We don't have personal tutors in year 3. I'm not interested in appealing my mark, I'm just a bit frustrated that 1) I was given a supervisor who knows nothing about stats and 2) that my supervisor sent me to the module leader who gave me advice which I followed to a T, but is then critical saying I used all the wrong testing - but I ran my results past the mod. leader after I'd completed my analysis and she confirmed it was all appropriate and correct! I tried to get my supervisor to advise me on stats but every time she'd brush me off with "oooh, I know nothing about stats". I asked her if p = 0.05 is significant or not as I couldn't remember which way round it was and she said "I've got no idea. I don't know anything about stats" so yeah, my supervisor SHOULD have been the one to advise on stats but she either couldn't or wouldn't so this is why I'm so frustrated to be criticised when I had no choice to but seek advise from someone else and who she directed me to. I feel like my supervisor has marked my diss with a very biased mind and failed to consider that the advice I was given by the module leader may not be the advise she'd have given me. She's marked it very much with a "I'd have done this" mindset I think when she really shouldn't have given that she TOLD me to see someone else and refused to help me herself with stats. I don't think it was a case of having not included something or done something wrong because my feedback was purely about the type of tests I did and how I graphed them and about them being inappropriate tests not that my data was wrong. For example she said I should have used median but I was told by my mod. leader to use the mean. I was told by supervisor to 0 all my time point data (this was the only piece of advise she gave me and when I asked her to explain why I needed to do this she couldn't answer it), but mod. leader told me to average them. Feedback said I should have tested demographical data but mod. leader said there weren't large enough sample sizes to test them (which is correct as some of my categories only had 2 people. You need at LEAST 3 for significance testing). I also saw my department head about where to put some of my graphs and he told me to put them in the appendix and told me exactly which ones to put there. Supervisor's feedback said these graphs should have been in results. So yeah, there's contradictions all round.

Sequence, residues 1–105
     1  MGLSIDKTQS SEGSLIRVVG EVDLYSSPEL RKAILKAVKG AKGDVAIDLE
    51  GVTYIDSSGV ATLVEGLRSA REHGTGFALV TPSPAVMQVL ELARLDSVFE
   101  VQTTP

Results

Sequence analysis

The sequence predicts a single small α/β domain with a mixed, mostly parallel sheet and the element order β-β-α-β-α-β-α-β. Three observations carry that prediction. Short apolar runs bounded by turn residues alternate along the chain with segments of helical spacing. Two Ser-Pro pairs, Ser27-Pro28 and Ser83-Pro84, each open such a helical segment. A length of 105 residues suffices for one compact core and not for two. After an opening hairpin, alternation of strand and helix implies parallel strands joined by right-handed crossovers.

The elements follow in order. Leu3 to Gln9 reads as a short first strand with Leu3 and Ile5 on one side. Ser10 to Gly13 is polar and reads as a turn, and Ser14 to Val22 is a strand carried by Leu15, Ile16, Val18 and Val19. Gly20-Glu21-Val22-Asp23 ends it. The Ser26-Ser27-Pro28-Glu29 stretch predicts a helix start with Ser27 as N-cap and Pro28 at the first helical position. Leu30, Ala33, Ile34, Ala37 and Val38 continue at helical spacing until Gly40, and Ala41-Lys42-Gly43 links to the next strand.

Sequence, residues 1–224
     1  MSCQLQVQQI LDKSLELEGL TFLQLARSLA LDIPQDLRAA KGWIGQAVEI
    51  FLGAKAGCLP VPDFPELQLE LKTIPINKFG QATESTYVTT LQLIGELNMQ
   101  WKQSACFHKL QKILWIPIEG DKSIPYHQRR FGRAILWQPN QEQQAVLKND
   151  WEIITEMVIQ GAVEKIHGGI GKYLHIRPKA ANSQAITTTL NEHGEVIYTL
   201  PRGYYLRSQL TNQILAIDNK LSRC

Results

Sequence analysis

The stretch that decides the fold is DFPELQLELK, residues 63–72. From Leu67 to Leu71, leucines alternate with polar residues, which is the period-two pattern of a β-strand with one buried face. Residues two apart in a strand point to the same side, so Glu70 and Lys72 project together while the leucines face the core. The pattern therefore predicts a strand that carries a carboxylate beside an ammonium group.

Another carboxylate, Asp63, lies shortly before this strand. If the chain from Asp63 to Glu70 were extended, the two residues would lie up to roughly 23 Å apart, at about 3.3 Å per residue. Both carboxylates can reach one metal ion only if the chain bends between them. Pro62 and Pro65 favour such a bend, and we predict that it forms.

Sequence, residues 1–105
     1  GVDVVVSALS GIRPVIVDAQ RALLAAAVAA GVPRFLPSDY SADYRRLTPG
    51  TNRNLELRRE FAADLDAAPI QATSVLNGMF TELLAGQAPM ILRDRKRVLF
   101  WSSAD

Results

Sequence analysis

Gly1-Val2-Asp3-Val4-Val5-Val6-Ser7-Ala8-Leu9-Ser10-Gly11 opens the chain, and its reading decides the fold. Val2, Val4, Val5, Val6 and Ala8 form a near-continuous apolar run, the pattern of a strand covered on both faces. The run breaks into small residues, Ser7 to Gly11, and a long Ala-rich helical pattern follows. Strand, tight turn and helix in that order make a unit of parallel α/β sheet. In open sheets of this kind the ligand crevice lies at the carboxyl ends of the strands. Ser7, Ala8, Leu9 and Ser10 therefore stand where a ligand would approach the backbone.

"Ideally you should have sat down with someone, played around with the data with their guidance, come up with the best way of presenting and analysing it to answer your research question and justified this in your dissertation". This is what I did do when I saw the diss module leader/stats lecturer - that probably wasn't clear in my original post but she sat down with me, looked at all my data, asked me what I was testing and looking for etc and we discussed what I could do with it and played around with it in R and excel to find the best way to represent it, this is how we settled on what I eventually did in my diss. She spent a good hour at least helping me so it wasn't like it was a really quick "do this, go away" thing. We really thought about it and she decided on x, y, and z test which when explained to me made perfect sense for my data, and I put a lot of effort into my results all to be told "very poor section" and criticised for things I'd been told to do.

    I agree that it seems like this is a matter of personal opinion on what test would have been most suitable, but again I feel like my supervisor isn't understanding that my results/analysis were done based on advise from the module leader who she told me to see, so she should have marked my diss with a more open mind, or at the least asked the mod. leader what she'd advised me to do so she could mark it with that in mind.

    I'm surprised that you don't have s personal tutor. Other people you can possibly contact are the module leader, the student office or the student union. But it doesn't sound like you want to do anything at this point though. I think the important lessons are to flag up supervision problems ASAP, write for and know your audience and justify why you're doing what you're doing. No one who does science can get away without knowing anything about stats and certainly not someone supervising students.